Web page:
- 2015 Federal Election
Interior Health closes Penticton care home
Money problems have now forced a Penticton long-term care home out of business.
Interior Health last Friday closed the 20-bed Lakeside Care Residence and moved the three people living there to other facilities in the city.
“It wasn’t anything bad. It wasn’t anything to do with the care of residents,” said a former manager, who asked to remain anonymous because she wasn’t authorized to speak about the situation.
“It was all about doing business.”
In May, Interior Health notified the facility’s owner, Brewster Healthcare Group, that it would not renew its licence next spring due to concerns about the company’s financial viability. The home had 12 residents as of August, but an interim condition was also placed on the licence that forbid Lakeside from accepting new clients, and that hastened its demise, the manager said.
“Obviously there are financial issues when you don’t have that many residents,” the manager said. “Financially with three people? Do the math. It won’t work.”
Interior Health finally cancelled the licence last Friday due to “concerns with staff (members) having appropriate tools and supplies to do their jobs,” and their “ongoing ability to continue to provide care,” said Gretchen Komick, the authority’s acting assistant director of health protection.
Komick said she couldn’t disclose the nature of those concerns, but noted it had nothing to do with the employees’ performance.
“I just want to make sure it’s clear we didn’t have an issue with staff that were on site,” she added.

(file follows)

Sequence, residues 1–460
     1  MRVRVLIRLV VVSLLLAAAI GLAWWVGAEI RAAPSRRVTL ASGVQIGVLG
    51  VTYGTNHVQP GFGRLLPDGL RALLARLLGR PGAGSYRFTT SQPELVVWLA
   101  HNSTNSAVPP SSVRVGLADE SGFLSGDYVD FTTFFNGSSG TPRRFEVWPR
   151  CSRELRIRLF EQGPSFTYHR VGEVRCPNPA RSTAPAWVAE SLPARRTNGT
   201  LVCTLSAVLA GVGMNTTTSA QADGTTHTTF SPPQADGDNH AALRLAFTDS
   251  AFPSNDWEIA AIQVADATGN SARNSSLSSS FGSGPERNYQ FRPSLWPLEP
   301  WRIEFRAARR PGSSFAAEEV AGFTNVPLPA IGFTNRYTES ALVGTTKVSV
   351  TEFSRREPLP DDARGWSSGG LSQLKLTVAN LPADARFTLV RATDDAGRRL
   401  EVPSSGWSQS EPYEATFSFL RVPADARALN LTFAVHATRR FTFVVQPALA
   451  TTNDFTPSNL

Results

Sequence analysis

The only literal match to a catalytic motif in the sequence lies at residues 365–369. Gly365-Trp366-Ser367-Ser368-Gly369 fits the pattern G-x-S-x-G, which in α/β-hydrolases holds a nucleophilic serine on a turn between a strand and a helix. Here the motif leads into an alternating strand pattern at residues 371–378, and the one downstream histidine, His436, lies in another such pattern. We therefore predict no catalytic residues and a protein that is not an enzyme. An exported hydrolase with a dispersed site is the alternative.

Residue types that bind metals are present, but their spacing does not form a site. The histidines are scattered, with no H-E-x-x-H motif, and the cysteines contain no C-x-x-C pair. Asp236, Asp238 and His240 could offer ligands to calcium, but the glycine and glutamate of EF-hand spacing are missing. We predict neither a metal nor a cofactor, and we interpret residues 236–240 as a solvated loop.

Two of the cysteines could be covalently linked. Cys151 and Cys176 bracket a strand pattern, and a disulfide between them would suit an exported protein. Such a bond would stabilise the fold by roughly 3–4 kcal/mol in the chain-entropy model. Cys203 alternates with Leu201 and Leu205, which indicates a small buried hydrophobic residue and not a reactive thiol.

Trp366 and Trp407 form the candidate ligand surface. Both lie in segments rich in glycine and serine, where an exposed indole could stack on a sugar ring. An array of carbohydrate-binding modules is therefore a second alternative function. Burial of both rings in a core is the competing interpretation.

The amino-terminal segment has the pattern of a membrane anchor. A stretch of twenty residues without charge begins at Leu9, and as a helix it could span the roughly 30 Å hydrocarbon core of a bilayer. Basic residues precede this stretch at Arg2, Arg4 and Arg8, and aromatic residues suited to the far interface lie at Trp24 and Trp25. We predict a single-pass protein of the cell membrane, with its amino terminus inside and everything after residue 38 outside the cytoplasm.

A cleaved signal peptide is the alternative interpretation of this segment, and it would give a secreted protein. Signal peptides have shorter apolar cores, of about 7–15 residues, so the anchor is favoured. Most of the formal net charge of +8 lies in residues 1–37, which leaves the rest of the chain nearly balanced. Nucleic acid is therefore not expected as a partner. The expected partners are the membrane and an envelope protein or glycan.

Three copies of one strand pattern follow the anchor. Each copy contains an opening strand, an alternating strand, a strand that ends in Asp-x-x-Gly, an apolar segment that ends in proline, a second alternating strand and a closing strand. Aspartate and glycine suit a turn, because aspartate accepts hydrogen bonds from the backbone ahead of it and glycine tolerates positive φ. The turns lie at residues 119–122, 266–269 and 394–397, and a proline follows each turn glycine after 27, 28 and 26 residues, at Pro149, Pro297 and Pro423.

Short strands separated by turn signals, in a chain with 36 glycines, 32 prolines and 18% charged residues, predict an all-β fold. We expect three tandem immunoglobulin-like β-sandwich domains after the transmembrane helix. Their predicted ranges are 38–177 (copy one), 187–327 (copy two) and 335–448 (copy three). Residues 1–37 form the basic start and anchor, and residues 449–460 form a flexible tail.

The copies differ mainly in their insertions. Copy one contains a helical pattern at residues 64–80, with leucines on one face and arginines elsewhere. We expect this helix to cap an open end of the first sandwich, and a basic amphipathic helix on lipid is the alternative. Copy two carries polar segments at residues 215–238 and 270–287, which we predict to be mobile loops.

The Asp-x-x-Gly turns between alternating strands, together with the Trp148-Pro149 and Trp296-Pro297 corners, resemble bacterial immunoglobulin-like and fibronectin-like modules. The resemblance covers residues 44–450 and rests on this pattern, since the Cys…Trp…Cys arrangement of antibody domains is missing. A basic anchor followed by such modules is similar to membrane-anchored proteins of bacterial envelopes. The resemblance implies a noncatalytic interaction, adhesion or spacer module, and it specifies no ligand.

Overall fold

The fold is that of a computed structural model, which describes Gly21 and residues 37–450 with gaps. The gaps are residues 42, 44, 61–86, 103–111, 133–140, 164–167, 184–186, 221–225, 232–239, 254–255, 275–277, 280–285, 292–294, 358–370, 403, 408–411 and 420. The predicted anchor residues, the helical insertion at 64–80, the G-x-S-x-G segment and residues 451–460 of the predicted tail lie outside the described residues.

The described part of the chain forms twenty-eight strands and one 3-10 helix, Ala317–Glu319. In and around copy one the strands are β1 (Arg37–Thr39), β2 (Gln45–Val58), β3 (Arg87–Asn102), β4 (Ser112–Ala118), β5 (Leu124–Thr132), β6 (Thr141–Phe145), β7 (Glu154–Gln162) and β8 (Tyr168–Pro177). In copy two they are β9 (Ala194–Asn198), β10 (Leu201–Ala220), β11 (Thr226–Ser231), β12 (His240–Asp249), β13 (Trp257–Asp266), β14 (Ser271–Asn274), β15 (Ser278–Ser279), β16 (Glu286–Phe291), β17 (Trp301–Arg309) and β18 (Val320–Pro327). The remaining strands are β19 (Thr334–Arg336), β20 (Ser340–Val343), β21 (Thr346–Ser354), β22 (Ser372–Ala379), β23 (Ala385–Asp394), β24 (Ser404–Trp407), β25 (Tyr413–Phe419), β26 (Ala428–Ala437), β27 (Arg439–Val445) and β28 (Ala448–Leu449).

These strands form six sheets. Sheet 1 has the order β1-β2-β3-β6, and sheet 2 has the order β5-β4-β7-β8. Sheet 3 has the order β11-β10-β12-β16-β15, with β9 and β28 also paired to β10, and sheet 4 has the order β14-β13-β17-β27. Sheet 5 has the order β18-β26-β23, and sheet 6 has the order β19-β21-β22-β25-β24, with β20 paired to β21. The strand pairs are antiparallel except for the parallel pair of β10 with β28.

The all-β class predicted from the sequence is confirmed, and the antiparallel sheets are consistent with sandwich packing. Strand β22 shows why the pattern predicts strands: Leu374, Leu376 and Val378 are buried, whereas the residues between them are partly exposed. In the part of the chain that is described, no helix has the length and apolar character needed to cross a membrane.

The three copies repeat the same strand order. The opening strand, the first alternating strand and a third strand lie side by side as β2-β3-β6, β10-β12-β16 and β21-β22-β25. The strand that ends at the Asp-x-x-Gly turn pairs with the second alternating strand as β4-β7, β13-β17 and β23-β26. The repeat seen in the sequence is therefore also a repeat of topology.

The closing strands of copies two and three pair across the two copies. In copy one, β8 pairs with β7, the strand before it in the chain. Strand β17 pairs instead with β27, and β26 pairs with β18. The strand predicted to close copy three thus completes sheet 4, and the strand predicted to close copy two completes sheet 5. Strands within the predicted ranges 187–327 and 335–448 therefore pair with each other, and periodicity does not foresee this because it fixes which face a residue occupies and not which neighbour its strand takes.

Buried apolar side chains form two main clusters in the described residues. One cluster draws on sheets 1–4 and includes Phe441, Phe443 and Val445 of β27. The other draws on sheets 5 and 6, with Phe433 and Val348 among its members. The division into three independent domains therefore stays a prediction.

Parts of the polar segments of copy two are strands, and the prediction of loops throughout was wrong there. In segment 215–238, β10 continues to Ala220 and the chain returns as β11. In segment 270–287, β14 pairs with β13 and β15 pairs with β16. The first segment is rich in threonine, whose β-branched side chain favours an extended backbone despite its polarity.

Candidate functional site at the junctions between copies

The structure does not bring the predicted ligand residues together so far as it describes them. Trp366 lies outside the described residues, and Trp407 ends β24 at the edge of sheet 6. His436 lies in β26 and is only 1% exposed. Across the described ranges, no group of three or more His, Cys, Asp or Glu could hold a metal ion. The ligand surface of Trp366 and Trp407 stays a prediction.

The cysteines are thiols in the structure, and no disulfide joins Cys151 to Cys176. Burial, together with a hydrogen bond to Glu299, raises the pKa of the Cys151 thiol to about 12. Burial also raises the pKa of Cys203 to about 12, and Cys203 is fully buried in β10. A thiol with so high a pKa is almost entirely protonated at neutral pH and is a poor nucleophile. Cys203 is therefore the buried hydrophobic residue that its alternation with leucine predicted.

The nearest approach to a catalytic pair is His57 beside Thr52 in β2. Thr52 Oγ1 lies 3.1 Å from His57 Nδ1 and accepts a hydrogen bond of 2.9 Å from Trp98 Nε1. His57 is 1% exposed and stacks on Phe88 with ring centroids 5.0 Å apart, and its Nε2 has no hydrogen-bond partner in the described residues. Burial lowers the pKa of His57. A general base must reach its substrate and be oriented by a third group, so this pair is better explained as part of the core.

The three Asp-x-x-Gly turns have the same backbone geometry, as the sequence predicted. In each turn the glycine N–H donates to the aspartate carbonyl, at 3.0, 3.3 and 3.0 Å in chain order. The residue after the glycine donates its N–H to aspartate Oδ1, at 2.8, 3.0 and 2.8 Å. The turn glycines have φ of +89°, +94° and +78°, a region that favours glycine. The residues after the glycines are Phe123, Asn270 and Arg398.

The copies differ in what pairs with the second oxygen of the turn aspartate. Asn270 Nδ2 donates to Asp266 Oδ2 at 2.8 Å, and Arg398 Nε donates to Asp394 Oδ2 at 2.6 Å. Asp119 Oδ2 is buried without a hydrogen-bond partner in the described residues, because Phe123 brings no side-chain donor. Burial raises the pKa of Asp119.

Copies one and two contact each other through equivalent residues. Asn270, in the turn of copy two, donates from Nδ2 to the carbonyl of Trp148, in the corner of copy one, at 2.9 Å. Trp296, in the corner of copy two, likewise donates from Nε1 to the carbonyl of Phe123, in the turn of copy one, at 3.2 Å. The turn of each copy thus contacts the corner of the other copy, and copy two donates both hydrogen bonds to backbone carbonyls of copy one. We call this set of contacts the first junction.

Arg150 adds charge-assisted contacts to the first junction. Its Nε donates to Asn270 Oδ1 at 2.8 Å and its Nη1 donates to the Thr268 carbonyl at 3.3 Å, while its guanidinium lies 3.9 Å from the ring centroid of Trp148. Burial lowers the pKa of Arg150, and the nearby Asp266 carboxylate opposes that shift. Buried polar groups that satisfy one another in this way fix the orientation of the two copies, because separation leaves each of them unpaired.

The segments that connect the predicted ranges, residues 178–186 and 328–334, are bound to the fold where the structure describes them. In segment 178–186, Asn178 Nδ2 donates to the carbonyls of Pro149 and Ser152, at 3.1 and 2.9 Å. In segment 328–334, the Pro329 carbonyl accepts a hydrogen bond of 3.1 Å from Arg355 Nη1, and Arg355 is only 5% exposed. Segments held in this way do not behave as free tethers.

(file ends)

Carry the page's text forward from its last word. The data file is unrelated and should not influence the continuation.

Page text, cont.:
Brewster Healthcare Group owner John Brewster did not return calls for comment this week.
He told the Western News in August that the dispute with Interior Health arose because he was unwilling to comply with the authority’s requests for financial information pertaining to his unrelated business interests, and that he had a deal in place to sell the facility on Oct. 1, contingent upon the new owner obtaining a licence from Interior Health.
Komick said the new licence was not approved due to a “lack of sufficient information,” and the applicant then withdrew from the process last week.
Eleven people were employed at the site when it closed and their job prospects look good, the former manager said, “because we have such a good reputation as staff.”
The manager is uncertain what will become of the Warren Avenue care home, although Brewster said in August he was considering converting it to an assisted-living facility because it would have less onerous licensing requirements.
Brewster also owned the 16-bed Lakeside Care Residence in Vernon, which closed this fall when the company defaulted on its mortgage and the property went into receivership.